Industry Update: Energy stocks plunge after Saudi Arabia cuts oil prices for Asia and Europe

Energy stocks extended their Monday afternoon decline, with the NYSE Energy Sector Index falling 6.6% while the SPDR Energy Select Sector ETF (XLE) was down 8%. The Philadelphia Oil Services Index fell 9.6%, but the Dow Jones US Utilities Index slid 0.3%, erasing much of its midday decline.

West Texas Intermediate crude oil fell $6.68 to $103.09 a barrel, while global benchmark Brent crude also fell $6.62 to $105.77 a barrel after Saudi Arabia lowered its price for Asian and European customers. Henry Hub natural gas futures plunged $1.02 to $7.03 per 1 million BTU.10977

In company news, Piedmont Lithium (PLL) fell nearly 20% after the miner reported a first-quarter net loss of $0.57 per share on Friday, compared with a loss of $0.47 per share. share during the same quarter last year. The company generated no revenue in the three months ended March 31.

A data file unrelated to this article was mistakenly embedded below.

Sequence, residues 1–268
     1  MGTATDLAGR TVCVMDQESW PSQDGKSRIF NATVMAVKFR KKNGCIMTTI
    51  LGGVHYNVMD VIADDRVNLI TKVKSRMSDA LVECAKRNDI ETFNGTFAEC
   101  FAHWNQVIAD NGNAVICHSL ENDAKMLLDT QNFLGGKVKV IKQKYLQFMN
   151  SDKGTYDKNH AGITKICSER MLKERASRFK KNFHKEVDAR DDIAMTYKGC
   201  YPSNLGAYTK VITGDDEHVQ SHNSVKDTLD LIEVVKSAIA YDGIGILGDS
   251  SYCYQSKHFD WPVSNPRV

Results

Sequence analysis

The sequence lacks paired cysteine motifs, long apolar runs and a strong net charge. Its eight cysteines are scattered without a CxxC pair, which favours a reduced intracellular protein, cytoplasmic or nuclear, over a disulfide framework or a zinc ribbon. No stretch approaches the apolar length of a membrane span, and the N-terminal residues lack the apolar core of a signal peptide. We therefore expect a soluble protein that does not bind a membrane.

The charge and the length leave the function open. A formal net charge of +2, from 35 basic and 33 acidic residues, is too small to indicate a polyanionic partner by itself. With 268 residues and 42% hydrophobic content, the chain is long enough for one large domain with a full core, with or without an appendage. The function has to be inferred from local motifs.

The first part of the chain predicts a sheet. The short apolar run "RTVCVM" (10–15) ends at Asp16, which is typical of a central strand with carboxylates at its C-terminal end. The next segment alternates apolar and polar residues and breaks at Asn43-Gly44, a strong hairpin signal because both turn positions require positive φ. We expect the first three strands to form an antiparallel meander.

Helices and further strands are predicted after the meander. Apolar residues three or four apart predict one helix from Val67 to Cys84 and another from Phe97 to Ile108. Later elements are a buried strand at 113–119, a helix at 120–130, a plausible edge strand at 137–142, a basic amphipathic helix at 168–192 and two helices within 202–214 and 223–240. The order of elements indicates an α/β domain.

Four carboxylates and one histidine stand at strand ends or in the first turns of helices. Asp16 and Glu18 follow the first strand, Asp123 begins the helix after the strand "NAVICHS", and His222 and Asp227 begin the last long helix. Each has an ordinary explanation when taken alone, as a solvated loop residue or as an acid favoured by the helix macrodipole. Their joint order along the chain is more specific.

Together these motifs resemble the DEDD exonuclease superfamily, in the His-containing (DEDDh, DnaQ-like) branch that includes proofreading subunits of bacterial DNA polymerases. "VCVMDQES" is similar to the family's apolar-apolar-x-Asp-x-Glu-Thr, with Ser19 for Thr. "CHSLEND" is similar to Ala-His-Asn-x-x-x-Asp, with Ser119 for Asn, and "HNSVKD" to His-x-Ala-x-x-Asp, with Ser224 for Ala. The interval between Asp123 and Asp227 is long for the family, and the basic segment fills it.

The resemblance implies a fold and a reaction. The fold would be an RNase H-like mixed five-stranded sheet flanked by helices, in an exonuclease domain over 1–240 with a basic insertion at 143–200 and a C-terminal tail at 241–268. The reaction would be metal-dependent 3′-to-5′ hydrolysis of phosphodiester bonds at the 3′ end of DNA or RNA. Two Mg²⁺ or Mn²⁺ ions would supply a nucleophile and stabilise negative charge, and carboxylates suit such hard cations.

Kosmos Energy (KOS) lost 17% after the oil and gas company cut its FY22 production forecast by about 5.8% at midterm, now expecting an average of between 63,000 and 67,000 barrels of oil equivalent per day, down from its previous guidance range of 67,000 to 71,000 barrels per day.

International Seaways (INSW) fell more than 11% after the tanker company announced on Monday that it had adopted a time-limited shareholder rights plan designed to thwart a hostile takeover bid. The so-called “poison pill” provisions would be triggered if an individual or group acquires at least 17.5% of the company’s outstanding shares without prior board approval.

HF Sinclair (DINO) rose 1%, clinging to part of an early 8.7% gain at its highest share price since September 2019, after the refining and marketing company oil company on Monday reported non-GAAP first-quarter net income of $0.99 per share, reversing its adjusted loss of $0.53 per share in the same quarter last year and crushing Capital IQ’s consensus which expects non-GAAP earnings of $0.14 per share. Sales increased 113% year over year to $7.46 billion, also topping Street View’s $4.81 billion.

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Felix J. Dixon